Despite all the time I spent in the saddle with this amazing horse who would do anything I asked, I was obsessed with his bit. Something wasn’t right. He was obedient, he was steady, but he wasn’t relaxed and he wasn’t happy. Looking back, I can’t point to a specific behavior that made me think this, but there was something. This was back in the days before Google, Wikipedia and YouTube, so I watched tape after tape of my favorite clinicians and trainers, I talked to trainers, and I consulted with the staff at my local tack store. I tried a long list of bits: the original single jointed dee, a single-jointed Kimberwick, a single-jointed Pelham, a French link loose ring and finally a short shank with a single joint (aka a Tom Thumb). There was probably a full cheek and a couple other bits in there somewhere too. I ended up with a pile of bits and no satisfaction.

Toklat was just launching the Myler line around this time. I worked for a retailer and I was fortunate enough to go to a tradeshow where they had organized a clinic with Dale Myler for a large group of retailers. I went to the clinic, sat in the back, and watched Dale actually transform the horses that came into the clinic. More importantly, everything he said about how bits work and how horses work in bits made sense! It was just basic physics and anatomy—no gimmicks, no woo woo. Logical and straightforward. I went home and dragged out my bucket of bits, laid them out in the aisle of my barn. Eureka! I saw the problem immediately. Although the bits looked different to me, they felt identical to George—all the same single-jointed mouthpiece, just different cheekpieces. I also realized that the Kimberwick, Pelham had been the more successful not because of the mouthpiece but because they dispersed the tongue pressure over various pressure points, instead of concentrating all the pressure on the mouth—tongue, lips, bars.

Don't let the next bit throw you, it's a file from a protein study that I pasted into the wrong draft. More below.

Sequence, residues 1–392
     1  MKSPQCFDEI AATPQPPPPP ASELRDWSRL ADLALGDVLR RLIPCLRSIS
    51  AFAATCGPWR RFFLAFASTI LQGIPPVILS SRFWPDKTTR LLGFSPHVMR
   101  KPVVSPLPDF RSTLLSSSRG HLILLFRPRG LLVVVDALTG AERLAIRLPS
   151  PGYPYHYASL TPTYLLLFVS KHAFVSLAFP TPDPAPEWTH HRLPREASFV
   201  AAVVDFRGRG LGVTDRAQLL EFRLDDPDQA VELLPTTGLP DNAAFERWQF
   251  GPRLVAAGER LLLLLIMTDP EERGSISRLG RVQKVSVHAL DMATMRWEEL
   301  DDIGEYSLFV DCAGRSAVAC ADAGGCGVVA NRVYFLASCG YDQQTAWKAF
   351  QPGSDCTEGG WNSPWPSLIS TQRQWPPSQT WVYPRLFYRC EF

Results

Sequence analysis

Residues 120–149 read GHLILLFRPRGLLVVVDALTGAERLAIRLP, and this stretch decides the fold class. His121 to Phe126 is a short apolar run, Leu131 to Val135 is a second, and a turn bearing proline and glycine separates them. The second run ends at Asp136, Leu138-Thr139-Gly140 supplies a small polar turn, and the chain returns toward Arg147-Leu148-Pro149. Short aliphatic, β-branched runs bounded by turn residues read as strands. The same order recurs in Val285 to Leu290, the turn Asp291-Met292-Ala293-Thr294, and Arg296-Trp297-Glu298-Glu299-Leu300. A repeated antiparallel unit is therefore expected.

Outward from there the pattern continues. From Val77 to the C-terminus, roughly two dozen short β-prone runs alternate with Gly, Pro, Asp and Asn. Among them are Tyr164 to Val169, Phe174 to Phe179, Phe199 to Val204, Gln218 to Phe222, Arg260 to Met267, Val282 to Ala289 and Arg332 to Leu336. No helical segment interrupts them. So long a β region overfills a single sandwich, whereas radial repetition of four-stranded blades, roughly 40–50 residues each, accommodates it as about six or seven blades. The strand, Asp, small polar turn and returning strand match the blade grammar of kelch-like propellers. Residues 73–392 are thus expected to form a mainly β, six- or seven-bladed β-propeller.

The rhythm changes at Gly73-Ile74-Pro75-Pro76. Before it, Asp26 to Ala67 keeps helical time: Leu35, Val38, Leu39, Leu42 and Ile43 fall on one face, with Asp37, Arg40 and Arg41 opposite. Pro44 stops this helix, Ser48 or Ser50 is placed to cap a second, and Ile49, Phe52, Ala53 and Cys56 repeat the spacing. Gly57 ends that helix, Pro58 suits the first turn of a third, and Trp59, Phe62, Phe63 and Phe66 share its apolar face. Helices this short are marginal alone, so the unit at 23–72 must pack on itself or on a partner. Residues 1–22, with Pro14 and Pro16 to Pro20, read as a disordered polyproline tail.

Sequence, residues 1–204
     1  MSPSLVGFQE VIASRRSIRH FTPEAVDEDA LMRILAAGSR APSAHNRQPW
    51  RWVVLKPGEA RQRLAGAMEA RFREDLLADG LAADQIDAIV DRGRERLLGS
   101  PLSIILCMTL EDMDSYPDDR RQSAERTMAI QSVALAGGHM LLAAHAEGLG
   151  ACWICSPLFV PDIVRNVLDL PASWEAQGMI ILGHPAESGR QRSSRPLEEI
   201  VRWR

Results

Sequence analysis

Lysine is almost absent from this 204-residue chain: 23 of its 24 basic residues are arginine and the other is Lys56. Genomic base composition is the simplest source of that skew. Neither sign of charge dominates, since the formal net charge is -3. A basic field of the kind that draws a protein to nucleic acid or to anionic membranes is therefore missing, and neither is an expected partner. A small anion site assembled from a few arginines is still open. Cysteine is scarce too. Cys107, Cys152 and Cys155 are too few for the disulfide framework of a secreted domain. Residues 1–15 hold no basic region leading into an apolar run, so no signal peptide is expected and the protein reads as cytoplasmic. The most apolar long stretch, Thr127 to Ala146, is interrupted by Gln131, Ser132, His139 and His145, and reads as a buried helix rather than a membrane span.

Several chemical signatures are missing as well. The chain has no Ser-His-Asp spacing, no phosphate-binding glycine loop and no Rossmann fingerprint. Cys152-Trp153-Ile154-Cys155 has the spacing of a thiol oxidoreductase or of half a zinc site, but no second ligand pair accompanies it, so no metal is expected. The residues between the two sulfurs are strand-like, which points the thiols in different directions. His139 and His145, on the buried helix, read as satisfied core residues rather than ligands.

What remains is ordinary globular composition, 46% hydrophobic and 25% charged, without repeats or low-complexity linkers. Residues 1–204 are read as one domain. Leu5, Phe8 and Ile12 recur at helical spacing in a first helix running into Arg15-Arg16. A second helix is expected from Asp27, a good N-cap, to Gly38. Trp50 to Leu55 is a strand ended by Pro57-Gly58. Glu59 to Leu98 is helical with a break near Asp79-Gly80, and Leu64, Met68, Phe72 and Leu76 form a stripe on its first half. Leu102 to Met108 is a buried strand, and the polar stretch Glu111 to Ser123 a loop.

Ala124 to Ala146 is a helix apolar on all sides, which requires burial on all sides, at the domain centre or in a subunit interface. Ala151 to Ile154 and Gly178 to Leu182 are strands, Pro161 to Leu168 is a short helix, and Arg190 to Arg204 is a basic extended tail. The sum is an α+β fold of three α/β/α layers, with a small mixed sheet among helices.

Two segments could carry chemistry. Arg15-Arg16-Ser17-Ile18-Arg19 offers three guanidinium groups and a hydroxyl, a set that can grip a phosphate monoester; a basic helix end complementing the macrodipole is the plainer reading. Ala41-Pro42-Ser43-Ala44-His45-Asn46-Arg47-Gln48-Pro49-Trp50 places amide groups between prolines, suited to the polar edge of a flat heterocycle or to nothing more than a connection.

I contacted Toklat and based on the info I gave them, they recommended the 43LP. George was 10 years old, a well-seasoned trail horse at this time. The 43LP offered ample tongue relief with just a little tongue pressure on the outside edges of the tongue and of course the independent side movement. Wow! What a difference it made the first time I used it. He seemed much more relaxed, more willing to give to the bit. We went down the trail for a couple of rides with this bit, but the feeling started to creep back that he wasn’t doing as well as that first ride. This time, though, I knew what I was looking for and easily recognized resistance. He would get a little heavy, a little busy in his mouth, go a little above the bit. Nothing dramatic, but it was there.